22 June 2017
The Law Society has backed the independent enforcement of workers’ rights as a means to preventing exploitation, echoing similar recommendations put forth by the Institute of Employment Rights.
In the organisation’s response to the government’s review into modern working practices, chaired by Matthew Taylor, it argued the current system makes it difficult to hold bad employers to account.
“When there is a dispute, our law relies on individuals taking their employer to court to get their rights recognised – a task that is simply beyond most people,” Law Society President Robert Bourns explained.
“Bad employers know this, and take advantage of it to cut corners and underpay people, knowing they’ll probably get away with it,” he said.
An additional barrier to access to justice for many workers is the employment tribunal fee system introduced by the Coalition government in 2013, which means that workers now have to pay up to £1,200 just to have their case heard. A recent study by Oxford University researchers found that these charges make going to court economically unviable for around half of people with cases likely to win.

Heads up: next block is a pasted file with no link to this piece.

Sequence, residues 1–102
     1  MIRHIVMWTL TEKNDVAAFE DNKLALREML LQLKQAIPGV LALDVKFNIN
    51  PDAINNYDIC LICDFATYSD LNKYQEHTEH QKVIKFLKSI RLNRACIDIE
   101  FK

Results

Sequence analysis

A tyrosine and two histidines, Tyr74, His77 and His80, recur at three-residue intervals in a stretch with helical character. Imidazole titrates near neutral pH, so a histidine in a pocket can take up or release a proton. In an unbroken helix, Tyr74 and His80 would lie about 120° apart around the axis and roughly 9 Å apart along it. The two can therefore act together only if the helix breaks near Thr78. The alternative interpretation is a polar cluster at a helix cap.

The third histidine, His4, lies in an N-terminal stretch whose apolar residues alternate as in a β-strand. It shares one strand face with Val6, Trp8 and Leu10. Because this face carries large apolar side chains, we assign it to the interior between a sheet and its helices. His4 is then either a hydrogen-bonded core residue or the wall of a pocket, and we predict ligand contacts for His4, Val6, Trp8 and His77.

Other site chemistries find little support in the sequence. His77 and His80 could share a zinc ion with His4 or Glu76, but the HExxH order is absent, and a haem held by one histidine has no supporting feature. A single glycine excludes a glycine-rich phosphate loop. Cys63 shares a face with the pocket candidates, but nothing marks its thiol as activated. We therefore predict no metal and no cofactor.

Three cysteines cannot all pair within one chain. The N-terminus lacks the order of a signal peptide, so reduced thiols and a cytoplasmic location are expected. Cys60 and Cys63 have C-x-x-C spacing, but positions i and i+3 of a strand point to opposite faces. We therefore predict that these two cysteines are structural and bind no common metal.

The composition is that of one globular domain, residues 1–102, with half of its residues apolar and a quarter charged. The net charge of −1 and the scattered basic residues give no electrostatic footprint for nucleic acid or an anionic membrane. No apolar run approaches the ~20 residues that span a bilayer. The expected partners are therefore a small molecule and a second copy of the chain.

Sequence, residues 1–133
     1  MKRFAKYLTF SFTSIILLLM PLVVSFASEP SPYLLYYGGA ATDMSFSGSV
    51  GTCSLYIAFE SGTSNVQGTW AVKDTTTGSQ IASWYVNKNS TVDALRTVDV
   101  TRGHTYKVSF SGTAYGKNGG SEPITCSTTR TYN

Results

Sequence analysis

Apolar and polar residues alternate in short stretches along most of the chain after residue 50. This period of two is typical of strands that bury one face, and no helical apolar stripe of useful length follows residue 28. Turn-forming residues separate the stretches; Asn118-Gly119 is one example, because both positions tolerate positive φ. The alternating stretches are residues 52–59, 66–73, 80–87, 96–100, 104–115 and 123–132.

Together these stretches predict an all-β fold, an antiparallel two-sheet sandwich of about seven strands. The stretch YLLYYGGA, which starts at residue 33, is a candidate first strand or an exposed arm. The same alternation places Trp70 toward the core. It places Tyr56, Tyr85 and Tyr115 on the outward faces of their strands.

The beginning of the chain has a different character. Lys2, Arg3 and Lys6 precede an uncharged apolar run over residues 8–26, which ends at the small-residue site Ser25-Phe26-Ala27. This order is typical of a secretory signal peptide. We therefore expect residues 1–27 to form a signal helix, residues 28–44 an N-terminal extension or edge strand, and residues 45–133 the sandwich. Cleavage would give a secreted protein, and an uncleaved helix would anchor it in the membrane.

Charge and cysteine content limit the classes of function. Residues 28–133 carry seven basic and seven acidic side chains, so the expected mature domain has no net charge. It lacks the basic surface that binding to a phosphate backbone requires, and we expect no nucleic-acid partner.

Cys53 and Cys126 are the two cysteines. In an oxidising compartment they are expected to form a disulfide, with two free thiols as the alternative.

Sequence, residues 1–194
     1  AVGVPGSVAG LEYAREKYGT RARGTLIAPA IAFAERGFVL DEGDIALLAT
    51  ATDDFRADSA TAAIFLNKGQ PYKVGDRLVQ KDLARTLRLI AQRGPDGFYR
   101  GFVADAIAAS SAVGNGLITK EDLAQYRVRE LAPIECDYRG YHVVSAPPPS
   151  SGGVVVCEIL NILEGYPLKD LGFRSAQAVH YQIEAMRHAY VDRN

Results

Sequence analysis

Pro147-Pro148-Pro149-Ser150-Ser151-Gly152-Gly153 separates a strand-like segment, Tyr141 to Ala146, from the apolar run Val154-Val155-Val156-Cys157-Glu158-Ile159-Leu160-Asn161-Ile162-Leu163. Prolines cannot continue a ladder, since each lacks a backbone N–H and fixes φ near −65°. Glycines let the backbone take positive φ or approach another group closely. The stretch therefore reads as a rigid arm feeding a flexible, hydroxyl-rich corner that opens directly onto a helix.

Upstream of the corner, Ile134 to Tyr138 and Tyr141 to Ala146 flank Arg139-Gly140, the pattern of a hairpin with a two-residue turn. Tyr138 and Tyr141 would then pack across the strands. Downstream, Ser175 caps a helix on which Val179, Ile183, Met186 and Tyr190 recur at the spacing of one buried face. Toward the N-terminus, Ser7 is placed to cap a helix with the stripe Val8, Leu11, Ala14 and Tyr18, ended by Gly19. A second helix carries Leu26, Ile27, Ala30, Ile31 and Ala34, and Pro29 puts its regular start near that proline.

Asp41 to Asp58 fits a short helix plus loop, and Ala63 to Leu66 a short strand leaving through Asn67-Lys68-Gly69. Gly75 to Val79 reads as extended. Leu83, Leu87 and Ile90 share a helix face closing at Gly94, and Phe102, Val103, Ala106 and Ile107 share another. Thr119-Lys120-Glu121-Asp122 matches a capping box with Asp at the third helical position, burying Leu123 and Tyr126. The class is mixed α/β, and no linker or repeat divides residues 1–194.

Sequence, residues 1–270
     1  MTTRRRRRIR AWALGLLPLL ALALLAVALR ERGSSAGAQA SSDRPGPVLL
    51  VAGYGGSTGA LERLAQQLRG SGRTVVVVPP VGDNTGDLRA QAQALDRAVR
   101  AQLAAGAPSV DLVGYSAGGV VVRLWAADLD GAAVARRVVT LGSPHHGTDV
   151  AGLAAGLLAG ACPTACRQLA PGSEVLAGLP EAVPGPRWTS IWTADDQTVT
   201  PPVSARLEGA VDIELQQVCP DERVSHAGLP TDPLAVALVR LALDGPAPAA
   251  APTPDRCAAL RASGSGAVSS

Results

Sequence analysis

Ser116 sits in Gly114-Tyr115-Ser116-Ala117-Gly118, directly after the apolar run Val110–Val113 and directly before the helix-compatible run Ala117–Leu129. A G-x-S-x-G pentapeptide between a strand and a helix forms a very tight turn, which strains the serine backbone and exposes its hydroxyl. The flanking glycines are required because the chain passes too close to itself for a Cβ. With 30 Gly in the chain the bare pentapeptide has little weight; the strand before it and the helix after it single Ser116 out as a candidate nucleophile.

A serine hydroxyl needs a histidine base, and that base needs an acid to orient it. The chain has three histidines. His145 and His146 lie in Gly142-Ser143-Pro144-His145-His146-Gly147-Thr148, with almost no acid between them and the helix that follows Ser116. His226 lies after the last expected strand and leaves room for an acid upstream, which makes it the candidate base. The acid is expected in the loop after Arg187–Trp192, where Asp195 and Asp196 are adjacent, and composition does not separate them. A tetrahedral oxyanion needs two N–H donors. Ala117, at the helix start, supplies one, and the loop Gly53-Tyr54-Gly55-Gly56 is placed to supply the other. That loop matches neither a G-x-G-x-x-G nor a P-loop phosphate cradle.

The Law Society joined the Institute of Employment Rights in urging the government to drop these fees entirely and with immediate effect.
“Our rights at work are not optional – they are the minimum standard to which we are entitled,” Robert Bourns stated.
“An independent government inspector who can go into a business to ensure staff are being given their proper workplace rights will help put a stop to this exploitation, and put everyone on a fair and even playing field,” he said.
The Institute of Employment Rights goes further than the Law Society in that, alongside an independent Labour Inspectorate and the scrapping of Employment Tribunal fees, we propose that the regulation of workers’ rights shifts from its current focus on statutory minimums to standards that are collectively agreed by unions and employers at sectoral and enterprise levels.